Article Writing Errors

By: Richard Lowe
Having trouble writing articles? Here's my list of some
common mistakes that writers make.Not being a writer – This is the number one mistake that
writers make. If you are a writer, then you had better be
writing. You cannot publish what you don't write. Don't talk
about what you are going to write, don't discuss your articles
before writing them, and don't spend endless hours trying to
find people to purchase your articles. Just write: query
letters and articles. Write them fast and furious. That's
what a writer does.

Not writing constantly – If you call yourself a writer, then
you had better be writing. In fact, you should be writing
constantly, every single day if you can. What do you write?
Write an article on something, anything, that you feel you
can write about.

Giving into writer's block – You can defeat writer's block.
You are a writer, so write. Can't write? Just start writing
and don't worry about what comes out.

Re-writing too many times – Some writers like to edit and
rewrite an article over and over again. Personally, I write
a pretty good article the first time and one quick edit
usually finishes it up. Some people need a few more edits.
But don't over edit. Your job is to communicate words
and concepts on paper, not edit them to death.

Not editing enough – No matter how good your first drafts are,
be sure and look it over at least once for spelling mistakes
and grammar errors.

Plagiarizing – It's perfectly okay to get ideas from other
articles, books, movies, and even television shows. It's not
okay to steal another writers work, and it's also not
acceptable to paraphrase an article. You can quote from other
sources (this is called "fair use") but you cannot make
other's work your own.Talking about an article before writing
it – I know of very few people who can talk about an article
concept with another person and then successfully write that
article later. Writing is communicating on paper (or on a
computer), not talking about what you want to write.

Asking people if your writing is "okay" – If you are taking a
class in writing, then this is a fine thing to do. Otherwise,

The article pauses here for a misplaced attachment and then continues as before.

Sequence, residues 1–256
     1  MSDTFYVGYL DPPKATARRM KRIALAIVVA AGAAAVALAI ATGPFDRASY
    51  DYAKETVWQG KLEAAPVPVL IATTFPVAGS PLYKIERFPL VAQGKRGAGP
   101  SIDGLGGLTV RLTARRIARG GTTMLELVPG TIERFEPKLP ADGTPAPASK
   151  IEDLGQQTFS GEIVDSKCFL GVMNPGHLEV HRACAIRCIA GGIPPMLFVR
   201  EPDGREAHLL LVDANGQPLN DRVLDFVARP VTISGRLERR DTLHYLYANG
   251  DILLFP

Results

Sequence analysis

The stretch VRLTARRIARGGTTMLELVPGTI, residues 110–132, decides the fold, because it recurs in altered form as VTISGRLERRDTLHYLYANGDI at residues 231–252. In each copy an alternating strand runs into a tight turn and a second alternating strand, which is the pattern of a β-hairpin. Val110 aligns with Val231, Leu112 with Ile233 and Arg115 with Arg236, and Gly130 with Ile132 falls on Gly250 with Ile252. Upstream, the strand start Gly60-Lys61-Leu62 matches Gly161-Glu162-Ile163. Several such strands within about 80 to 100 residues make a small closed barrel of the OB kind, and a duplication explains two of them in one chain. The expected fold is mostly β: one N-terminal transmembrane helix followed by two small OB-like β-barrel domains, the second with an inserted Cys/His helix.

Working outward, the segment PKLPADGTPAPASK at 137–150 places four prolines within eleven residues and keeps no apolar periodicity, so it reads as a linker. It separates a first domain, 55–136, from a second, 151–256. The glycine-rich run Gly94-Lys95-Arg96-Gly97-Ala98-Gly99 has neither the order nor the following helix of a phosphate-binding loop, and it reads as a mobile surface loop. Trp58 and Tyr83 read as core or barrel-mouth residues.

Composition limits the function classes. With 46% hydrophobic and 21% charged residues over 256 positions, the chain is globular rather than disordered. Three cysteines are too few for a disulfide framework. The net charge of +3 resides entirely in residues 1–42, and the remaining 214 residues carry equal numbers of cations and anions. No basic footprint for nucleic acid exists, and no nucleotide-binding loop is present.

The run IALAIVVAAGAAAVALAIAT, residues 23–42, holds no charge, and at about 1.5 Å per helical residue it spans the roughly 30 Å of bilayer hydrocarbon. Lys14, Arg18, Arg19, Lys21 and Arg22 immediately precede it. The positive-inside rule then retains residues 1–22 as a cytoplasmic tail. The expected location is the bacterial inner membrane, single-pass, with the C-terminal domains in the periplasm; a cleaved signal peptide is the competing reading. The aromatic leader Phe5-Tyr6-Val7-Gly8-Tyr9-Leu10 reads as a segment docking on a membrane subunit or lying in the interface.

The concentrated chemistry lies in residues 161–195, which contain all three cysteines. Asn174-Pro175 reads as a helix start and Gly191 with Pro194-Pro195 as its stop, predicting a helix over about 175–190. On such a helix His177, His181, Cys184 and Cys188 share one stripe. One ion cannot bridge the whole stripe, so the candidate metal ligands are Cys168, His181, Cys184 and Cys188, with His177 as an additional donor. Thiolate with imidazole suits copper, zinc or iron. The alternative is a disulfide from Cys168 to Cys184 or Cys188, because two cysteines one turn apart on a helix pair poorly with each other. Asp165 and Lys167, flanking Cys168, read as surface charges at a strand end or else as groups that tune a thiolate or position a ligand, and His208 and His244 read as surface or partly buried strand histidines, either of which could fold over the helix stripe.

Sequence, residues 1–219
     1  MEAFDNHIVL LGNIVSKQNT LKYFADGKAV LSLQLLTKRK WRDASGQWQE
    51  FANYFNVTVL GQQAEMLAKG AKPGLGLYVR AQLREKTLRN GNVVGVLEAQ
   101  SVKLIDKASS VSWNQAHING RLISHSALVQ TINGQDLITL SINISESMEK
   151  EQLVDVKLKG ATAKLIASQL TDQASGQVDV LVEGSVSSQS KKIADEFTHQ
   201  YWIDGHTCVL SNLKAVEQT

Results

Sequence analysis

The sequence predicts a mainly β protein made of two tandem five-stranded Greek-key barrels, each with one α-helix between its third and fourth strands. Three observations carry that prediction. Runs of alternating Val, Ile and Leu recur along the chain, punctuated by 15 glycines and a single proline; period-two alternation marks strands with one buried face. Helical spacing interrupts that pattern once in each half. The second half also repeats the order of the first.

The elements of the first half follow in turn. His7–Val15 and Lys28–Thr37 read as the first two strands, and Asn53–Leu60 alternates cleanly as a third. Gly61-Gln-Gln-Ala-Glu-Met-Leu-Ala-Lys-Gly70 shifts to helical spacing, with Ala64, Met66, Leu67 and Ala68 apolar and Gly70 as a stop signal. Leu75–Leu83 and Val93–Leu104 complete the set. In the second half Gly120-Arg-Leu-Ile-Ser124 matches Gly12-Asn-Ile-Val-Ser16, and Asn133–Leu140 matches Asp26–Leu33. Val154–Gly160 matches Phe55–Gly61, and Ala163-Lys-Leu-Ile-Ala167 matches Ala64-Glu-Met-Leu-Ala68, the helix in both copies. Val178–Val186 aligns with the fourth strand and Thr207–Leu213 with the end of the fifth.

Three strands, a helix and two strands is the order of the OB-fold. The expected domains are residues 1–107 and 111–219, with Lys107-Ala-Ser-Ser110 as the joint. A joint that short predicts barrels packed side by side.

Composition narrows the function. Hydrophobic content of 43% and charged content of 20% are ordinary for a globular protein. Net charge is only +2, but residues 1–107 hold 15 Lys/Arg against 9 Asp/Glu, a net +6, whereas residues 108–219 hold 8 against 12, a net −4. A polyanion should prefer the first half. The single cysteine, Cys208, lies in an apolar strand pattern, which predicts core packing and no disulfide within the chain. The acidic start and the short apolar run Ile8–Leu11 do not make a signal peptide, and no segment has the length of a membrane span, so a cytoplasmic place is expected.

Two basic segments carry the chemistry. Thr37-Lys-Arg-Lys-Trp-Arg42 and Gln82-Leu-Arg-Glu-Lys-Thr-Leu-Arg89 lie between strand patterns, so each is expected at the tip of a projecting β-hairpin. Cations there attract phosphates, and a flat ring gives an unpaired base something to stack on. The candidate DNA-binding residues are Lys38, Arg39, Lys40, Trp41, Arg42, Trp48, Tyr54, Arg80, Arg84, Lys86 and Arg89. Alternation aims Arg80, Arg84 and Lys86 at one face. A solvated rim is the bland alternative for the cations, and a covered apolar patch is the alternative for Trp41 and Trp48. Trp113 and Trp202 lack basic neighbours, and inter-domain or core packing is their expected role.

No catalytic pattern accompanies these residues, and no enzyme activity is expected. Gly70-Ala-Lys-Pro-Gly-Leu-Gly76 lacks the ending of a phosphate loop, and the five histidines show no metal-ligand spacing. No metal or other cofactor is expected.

I wouldn't bother trying to get criticism from anyone except
a professional editor. Before I learned this lesson, I
stopped writing more articles than I can count simply because
of others tearing my work apart. Now, I don't ask for or
accept criticism on my works, unless it's from a professional
editor to whom I am attempting to sell one of my articles. It
is acceptable to get criticism from one's agent, as that is
one of the tasks that an agent is paid to do.

Worrying about what to write about – Don't worry about what
to write: just write. That's what writers do, they write.
There is no need to waste time to find a subject or something
that will sell or anything else. Just pick something you know
well and write about it.

Not using query letters – If you really want to get your
articles published, you need to be sending out dozens of query
letters every single day. How is this done? Simply pick up your
most recent copy of Writer's Market, pick a magazine or other
publisher, think of an idea they might be interested in, and
write a letter pitching that idea to the magazine (or other)
editor. Be sure to follow the guidelines given by the magazine
(you can get this from Writer's Market, on the web or by
sending a request to the publication). You may only get one
bite out of a hundred, but if you don't ask you won't get any
at all.

Why use query letters instead of writing articles? Writing an
article can take a significant amount of time. It's wise to
find an editor who is at least marginally interested before
taking the time to write a full article. Query letters must be
written fast and often to be effective.

Writing in someone else's style – You are a unique individual
with your own talents, faults, goals, objectives, abilities
and characteristics. You also have your own unique writing
style. Be yourself when you write; if you are someone else
(and you write like someone else) you will never make the big
times. This does not mean you shouldn't experiment with
different writing styles; it means you should make each style
your own as you write.

Asking other writers for advice – This is fine if you are
taking a class taught by a writer. In most other instances,
unless the writer is a good friend, you have to understand
that other writers are competitors. Unless they are very
ethical, it's very likely they may be trying to discourage you
or move you away from their own preferred market.

Keeping poor records – Create a record-keeping system and
stick to it. There is little more embarrassing (or time-
wasting) than sending out the same article twice (or more) to
the same editor who rejected it the first time.

Not treating writing as a business – Keep good records of
expenses and income, and treat it all as important and vital.
You have to pay taxes and you may need to account for any
money. Also, expenses (and even your home office) are often
write-offs on taxes.

Not checking facts and doing proper research – Getting a fact
wrong now and again won't kill you, but it does effect your
credibility. Get major facts wrong too often, and you may find
that you cannot sell anything anymore.

Not handling copyright infringement – If someone steals your
work without compensation, handle it fast and efficiently.
Talk nicely, then not so nicely, then call in the lawyers.
You own the copyright, so enforce it.
About the Author

Richard Lowe Jr. is the webmaster of Internet Tips And Secrets
at – Visit our website any time to
read over 1,000 complete FREE articles about how to improve your
internet profits, enjoyment and knowledge.

Published in: on May 28, 2006 at 9:17 am  Leave a Comment  

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